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Recycling gets messy

Kathy Heicher

There’s no doubt that Eagle County’s recycling program is popular.

Whether or not it is effective is another issue.

At a recent work session, the Eagle County commissioners sought to come up with strategies to create incentives for town and county residents to step up their recycling efforts.



The county has been the sole funder of trash-recycling operations in the county since 1996, operating seven drop-off locations in each of the valley’s towns, and in Edwards. The two major private trash haulers in the valley, Waste Management and Vail Honeywagon, provide curbside recycling for their customers.

Still, Eagle County Solid Waste Manager Ron Rasnic said local recycling efforts since 1996 have diverted only about 2.5 percent of the total 631,584 tons of waste that have come into the landfill.



“That’s not a lot in the whole scheme of things,” observed Rasnic.

County leaders, faced with a limited amount of landfill space, are seeking strategies that would spur citizens to make a more concerted effort at recycling. They also want to address some of the problems that come with recycling.

What’s a “waste?’



Prior to the county assuming responsibility for the valley-wide drop-off program, recycling in the valley was run by a non-profit group called We Recycle. When the program overwhelmed that organization’s small staff, the county, at the urging of citizens, became the lead agency.

For a few years, local towns contributed financially to the recycling effort; but in recent years that responsibility has fallen to the county. It’s not a profit-making venture. Rasnic estimates that for the past two years, the program has cost the county over $160,000 annually.

“It’s a schizophrenic thing. Recycling is a good idea, but it is not cost effective. For the amount of money that we throw at it, it seems like a waste,” says Rasnic, although he’s quick to add that many citizens see recycling as the right thing to do.

“In the whole scheme of things, I don’t know what the answer is,” says Rasnic.

He says what’s needed are improvements to the program.

Junkyard etiquette

As the program currently functions, citizens can drop off their recycling at any one of the seven collection sites in the county. The county contracts with Waste Management to provide the trash-truck sized collection containers and haul away the recycle items on a regular basis.

Rasnic says one of the biggest problems with the program is that the collection sites are un-manned. Because there is no supervision, people, either purposefully or unknowingly, have a tendency to drop off unwanted items from household trash to old car tires, mattresses and used refrigerators at the sites.

The subsequent collection of unwanted trash creates an unsightly problem that makes landowners unwilling to make their properties available for recycling operations.

Additionally, pick-up schedules sometimes don’t correspond with usage, resulting in overflowing containers and piled-up debris.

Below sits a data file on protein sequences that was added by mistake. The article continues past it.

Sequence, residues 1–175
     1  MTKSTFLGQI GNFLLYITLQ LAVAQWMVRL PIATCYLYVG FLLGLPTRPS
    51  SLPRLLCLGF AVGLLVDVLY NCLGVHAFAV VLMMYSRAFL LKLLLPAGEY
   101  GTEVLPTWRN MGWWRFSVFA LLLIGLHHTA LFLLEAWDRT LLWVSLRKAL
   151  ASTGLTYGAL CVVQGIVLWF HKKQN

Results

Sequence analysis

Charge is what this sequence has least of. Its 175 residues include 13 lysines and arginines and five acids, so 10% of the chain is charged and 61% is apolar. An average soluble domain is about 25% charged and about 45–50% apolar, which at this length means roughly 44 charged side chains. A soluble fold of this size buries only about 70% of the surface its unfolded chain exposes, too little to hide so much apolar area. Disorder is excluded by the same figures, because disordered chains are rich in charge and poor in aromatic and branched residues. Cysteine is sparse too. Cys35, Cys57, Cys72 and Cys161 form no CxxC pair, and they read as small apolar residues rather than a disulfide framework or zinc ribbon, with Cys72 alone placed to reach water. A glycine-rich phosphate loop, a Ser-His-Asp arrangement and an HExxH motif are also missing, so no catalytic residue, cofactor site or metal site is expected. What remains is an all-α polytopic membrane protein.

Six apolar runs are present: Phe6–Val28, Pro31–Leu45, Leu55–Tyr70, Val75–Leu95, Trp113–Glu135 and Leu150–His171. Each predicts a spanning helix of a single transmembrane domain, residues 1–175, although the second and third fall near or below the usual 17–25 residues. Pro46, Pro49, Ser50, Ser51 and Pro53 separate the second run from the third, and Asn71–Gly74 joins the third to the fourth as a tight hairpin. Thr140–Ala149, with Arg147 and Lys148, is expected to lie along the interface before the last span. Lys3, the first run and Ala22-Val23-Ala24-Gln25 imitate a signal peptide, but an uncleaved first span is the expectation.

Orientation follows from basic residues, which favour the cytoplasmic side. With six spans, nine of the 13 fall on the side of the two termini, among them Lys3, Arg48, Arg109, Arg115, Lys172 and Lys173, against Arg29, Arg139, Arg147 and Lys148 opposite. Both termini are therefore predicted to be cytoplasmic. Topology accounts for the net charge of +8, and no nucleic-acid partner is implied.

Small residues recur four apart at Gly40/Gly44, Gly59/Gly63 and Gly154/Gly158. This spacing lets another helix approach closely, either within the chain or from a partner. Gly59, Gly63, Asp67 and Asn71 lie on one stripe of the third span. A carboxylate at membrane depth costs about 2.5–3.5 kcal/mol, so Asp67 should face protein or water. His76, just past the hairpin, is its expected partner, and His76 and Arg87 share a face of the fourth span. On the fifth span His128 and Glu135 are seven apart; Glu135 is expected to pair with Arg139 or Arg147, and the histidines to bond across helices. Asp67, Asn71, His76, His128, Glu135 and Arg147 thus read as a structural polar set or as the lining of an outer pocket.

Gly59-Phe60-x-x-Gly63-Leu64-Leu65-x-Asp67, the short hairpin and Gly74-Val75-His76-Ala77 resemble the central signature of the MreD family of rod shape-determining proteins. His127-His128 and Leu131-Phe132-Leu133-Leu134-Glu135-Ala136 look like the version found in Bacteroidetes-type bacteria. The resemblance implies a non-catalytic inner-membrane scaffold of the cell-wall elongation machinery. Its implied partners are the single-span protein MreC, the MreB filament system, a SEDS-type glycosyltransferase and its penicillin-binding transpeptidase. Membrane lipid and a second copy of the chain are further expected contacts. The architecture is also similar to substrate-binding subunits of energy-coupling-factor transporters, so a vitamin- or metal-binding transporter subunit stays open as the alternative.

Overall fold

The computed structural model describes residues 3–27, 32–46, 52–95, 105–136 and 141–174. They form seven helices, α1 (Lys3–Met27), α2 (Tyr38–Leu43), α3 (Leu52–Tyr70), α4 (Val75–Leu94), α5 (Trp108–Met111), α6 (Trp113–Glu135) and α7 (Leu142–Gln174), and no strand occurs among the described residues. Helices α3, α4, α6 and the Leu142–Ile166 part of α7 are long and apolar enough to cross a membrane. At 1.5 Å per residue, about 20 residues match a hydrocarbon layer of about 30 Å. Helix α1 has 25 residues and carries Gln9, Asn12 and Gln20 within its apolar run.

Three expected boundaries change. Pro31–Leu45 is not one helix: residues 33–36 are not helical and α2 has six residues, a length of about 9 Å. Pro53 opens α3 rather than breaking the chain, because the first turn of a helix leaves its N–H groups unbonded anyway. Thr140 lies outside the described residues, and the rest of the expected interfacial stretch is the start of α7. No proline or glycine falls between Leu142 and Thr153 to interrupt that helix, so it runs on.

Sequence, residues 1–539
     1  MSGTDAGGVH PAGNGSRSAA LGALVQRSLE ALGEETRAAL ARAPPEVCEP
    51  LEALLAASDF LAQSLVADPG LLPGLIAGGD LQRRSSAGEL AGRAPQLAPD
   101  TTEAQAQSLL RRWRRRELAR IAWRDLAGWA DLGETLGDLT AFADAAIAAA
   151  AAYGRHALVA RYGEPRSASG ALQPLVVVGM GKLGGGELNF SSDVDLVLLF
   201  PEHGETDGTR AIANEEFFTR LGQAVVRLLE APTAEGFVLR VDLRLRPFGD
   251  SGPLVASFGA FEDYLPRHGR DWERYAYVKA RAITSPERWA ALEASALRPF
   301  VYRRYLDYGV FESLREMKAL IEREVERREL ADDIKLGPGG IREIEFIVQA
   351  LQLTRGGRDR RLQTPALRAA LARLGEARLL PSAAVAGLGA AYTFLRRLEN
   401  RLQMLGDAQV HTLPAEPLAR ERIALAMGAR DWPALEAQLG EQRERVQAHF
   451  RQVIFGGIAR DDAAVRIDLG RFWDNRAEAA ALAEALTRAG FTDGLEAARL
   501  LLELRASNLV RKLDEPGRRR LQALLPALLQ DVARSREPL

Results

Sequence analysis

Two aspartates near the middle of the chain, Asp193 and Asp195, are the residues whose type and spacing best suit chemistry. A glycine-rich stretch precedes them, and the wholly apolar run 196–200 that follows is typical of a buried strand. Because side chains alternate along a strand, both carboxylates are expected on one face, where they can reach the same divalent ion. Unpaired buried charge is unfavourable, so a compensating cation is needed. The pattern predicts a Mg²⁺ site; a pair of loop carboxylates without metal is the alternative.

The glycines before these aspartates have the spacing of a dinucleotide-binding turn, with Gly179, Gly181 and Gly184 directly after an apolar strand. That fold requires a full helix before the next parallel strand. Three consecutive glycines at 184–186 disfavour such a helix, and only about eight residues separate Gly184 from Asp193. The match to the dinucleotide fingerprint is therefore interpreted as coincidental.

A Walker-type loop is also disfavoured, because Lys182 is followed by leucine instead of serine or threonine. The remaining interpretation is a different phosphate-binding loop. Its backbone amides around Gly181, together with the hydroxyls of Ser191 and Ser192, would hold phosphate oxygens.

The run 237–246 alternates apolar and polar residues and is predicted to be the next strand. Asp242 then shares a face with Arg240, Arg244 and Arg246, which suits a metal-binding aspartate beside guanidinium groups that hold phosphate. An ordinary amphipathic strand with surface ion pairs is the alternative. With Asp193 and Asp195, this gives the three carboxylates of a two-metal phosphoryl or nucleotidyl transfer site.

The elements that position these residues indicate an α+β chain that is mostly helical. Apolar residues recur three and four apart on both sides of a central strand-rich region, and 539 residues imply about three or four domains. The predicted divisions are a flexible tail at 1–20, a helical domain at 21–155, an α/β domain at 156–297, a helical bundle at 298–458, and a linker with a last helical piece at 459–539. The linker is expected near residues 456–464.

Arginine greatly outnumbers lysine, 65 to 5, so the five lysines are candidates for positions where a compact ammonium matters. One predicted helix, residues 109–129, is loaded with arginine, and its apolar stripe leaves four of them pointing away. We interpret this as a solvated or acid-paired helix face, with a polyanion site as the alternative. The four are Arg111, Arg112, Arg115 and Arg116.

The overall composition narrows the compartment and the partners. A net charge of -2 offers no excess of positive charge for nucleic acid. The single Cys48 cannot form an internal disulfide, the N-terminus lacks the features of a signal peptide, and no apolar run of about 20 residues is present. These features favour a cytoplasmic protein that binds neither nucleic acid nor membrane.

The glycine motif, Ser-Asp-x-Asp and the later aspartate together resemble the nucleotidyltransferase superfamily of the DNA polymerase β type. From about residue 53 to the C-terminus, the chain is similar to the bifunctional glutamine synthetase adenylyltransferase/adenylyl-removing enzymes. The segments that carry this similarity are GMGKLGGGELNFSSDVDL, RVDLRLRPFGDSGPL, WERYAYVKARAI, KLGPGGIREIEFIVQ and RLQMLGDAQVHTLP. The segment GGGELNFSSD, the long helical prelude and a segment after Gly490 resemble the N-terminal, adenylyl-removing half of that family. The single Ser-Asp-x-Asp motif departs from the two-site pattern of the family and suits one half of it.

Possible options Rasnic has identified include hiring a recycling coordinator to oversee the entire program, including education, outreach and site supervision. Another option would be to reduce the number of unmanned drop-off sites to two locations, one upvalley and one downvalley, and staff those sites with volunteers or community service workers.

Rasnic noted there are some potential problems with that suggestion. First, larger sites would be required and second, area residents may not be willing to drive out of their way for the sake of recycling.

Summit County has seen some success by providing three manned drop-off sites, which are operated by a nonprofit organization. That solution may not be feasible with the Eagle Valley’s strung-out geography.

Reasons to recycle

At a recent work session, Eagle County Commissioner Tom Stone suggested that the county explore ways to “incentivize” towns to take a more active role with recycling, possibly by offering curb-side recycling services. He stressed the need to make recycling convenient for users.

“The majority of the waste stream comes from the towns. How do we motivate them more?” said Stone.

Mike Andrusak of Waste Management said recycling “is a necessary thing to do.”

“To cut costs, you have to get everybody on the same page,” he said.

Andrusak acknowledged that un-manned recycle sites, such as the one at the Eagle County Fairgrounds, are tough to control. He says he sees non-recyclable items at the site several times a week.

“We were hoping that as the years go by, people would tune in. Obviously, the problem hasn’t stopped,” he said.

One option might be a fee structure that rewards recycling. The commissioners asked planners to return with suggestions for making recycling convenient for customers, and more cost-effective for the county.

Meanwhile, the county is contemplating restructuring dump fee schedules. Rasnic has proposed raising the landfill’s tipping fee from $23.10 per ton for compacted waste to $27 per ton for compacted waste, a 16.9 percent increase. The county last raised fees for compacted waste four years ago.

He also proposed an increase in construction waste fees from $43.90 per ton to $45 per ton.

The commissioners will continue their discussion of landfill issues in upcoming weeks during budget sessions.

This story first appeared in the Eagle Valley Enterprise.


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